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Players take notice of Alderson, Collins

Dillon Gee

Dillon Gee Credit: Getty Images

WASHINGTON -- The Mets stressed accountability from Day One in spring training and practiced it with the releases of Oliver Perez and Luis Castillo. Three weeks into the regular season, that trend has continued with a handful of early transactions meant to improve the Mets, and yet bring the indirect benefit of emphasizing performance above all.

General manager Sandy Alderson denied yesterday that any of his moves were done to send a message to an underperforming club that was 5-13 before the start of this current six-game winning streak. But if that's how some were perceived, so be it.

Perhaps the most surprising was Sunday's demotion of D.J. Carrasco, who signed a two-year, $2.4-million contract in December. That's significant by Alderson's frugal approach during the offseason, and sending Carrasco to Buffalo got the attention of the clubhouse -- even if the front office claims it was an opportunity to keep Dillon Gee and get Carrasco more work.

"We brought in 12 new people over the winter -- all of whom had some real upside but no real certainty about it," Alderson said. "Even in that situation, you give people a chance to do what they can do, but you can't wait forever."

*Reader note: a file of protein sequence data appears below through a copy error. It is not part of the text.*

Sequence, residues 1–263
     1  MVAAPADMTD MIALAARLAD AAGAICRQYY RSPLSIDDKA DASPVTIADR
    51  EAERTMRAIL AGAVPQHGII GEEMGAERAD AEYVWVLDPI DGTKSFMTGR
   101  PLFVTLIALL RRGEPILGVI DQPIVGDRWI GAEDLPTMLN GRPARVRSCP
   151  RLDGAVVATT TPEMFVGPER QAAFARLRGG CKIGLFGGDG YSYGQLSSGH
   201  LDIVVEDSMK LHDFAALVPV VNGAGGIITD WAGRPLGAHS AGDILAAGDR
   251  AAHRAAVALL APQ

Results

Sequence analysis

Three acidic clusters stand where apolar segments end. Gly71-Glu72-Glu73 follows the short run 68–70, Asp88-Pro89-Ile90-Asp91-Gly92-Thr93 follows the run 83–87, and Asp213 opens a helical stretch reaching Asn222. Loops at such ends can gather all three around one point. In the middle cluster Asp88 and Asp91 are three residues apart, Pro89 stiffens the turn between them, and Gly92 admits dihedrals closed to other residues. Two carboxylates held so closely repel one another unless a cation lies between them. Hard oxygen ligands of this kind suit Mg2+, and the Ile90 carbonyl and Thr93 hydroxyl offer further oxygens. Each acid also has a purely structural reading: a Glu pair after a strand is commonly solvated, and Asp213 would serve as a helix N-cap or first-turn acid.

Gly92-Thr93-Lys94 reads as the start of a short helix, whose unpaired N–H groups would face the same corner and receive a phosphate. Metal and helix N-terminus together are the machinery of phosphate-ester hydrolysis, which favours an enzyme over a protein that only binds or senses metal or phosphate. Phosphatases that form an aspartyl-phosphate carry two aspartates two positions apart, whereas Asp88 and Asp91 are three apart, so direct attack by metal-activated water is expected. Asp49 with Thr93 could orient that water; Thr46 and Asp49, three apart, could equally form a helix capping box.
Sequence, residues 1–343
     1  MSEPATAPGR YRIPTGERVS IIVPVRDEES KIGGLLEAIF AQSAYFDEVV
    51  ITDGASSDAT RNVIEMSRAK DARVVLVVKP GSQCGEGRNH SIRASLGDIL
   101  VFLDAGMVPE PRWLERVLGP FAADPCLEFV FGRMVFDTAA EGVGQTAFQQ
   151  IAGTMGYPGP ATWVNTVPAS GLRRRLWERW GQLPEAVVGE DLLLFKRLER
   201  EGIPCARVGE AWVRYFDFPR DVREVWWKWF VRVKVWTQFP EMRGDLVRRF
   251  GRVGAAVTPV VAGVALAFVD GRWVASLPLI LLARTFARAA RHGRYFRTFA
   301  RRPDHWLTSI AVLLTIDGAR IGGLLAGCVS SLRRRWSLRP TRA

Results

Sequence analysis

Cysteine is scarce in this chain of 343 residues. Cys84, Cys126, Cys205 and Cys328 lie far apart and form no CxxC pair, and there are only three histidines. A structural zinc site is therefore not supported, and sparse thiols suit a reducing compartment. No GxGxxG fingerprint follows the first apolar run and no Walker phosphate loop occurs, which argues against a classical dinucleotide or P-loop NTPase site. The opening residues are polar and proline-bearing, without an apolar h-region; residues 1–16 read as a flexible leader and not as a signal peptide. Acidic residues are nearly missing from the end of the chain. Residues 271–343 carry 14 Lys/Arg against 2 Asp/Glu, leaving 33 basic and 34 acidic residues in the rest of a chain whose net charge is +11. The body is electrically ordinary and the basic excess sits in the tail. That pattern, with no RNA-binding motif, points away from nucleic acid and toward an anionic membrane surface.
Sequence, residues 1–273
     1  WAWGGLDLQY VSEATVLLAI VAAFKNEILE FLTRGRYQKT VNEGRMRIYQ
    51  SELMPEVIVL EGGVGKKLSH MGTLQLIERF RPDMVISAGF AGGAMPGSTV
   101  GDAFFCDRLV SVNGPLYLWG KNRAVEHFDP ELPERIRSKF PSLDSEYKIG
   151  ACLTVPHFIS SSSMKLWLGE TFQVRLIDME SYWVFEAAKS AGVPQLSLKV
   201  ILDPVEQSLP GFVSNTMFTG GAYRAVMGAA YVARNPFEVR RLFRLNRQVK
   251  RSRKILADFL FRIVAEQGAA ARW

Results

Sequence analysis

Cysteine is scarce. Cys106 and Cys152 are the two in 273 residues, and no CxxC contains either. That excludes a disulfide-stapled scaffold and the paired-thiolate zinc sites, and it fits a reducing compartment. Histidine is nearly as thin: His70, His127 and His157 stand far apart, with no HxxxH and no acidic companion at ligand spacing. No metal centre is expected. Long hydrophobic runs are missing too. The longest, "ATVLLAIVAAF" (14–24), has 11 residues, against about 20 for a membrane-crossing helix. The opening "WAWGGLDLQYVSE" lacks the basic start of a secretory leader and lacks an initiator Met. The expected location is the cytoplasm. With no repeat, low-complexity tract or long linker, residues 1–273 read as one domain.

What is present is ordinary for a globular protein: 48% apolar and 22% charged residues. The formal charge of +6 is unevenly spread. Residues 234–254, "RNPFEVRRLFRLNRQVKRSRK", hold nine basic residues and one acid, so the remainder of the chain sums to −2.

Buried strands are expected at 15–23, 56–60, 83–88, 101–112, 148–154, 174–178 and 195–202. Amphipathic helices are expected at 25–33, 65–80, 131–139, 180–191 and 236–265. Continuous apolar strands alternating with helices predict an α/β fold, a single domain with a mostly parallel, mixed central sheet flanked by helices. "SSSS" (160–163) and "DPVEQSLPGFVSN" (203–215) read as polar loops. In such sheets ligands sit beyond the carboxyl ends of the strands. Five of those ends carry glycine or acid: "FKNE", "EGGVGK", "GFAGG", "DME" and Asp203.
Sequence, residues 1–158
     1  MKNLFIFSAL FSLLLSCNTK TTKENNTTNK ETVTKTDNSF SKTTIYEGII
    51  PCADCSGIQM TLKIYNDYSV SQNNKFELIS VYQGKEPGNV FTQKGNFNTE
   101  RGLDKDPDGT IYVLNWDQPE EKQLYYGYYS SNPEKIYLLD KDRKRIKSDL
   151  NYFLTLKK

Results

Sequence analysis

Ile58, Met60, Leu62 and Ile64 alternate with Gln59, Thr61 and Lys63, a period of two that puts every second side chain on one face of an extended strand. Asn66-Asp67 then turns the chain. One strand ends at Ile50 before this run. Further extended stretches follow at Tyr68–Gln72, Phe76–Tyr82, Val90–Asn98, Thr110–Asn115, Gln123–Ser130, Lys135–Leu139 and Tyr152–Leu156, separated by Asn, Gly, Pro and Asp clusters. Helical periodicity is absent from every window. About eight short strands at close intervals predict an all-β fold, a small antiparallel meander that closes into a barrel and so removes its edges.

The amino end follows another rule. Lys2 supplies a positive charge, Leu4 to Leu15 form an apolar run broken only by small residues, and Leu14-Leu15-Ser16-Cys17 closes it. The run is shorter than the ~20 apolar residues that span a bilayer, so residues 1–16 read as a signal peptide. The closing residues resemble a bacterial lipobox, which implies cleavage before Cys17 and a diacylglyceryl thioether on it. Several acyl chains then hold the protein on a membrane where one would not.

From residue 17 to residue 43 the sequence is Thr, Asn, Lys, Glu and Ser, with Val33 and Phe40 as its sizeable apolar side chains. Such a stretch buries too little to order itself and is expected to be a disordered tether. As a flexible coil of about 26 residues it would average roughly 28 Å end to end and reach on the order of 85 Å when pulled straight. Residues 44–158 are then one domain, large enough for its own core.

Players took notice when Alderson dumped Blaine Boyer and Brad Emaus after a relatively quick audition. Once Gee was promoted, and subsequently pitched well twice in spot duty, that was enough to send shivers through the rest of the rotation.

Nobody said anything to Jon Niese before Sunday's start against the Diamondbacks, but with a 5.87 ERA, he had a sense it might be a good time to step it up a bit. Niese thought Collins could try to find a spot in the rotation for Gee -- and maybe add a second lefthander to the bullpen as well. Niese reportedly was in jeopardy before that start, but Collins denied that the pressure was only on him.

"Everybody was pitching for their job," Collins said.

When told that Niese wasn't surprised that his spot may have been in trouble, Collins was pleased to hear it.

"That's a great attitude to have," Collins said. "You can't take things for granted . . . But the one thing I don't want to start here is a sense of panic."

That's the flip side of the argument. Collins doesn't want young players looking over their shoulder.

When Alderson read that Chris Capuano was being considered for the bullpen -- something that Collins had floated publicly -- he wondered if he needed to reassure him otherwise. "I don't know if he reads the paper," Alderson said. "But what we do is we explore everything . . . We try to identify everything so that everything is on the table."

That proactive approach has contributed to the Mets' recent turnaround. Daniel Murphy, with an increase in playing time, has provided an offensive spark. Jason Isringhausen, the newly installed eighth-inning guy, has been a stabilizing influence late in games.

Overall, the Mets have tightened up their act -- with Alderson and Collins exerting their own influence.


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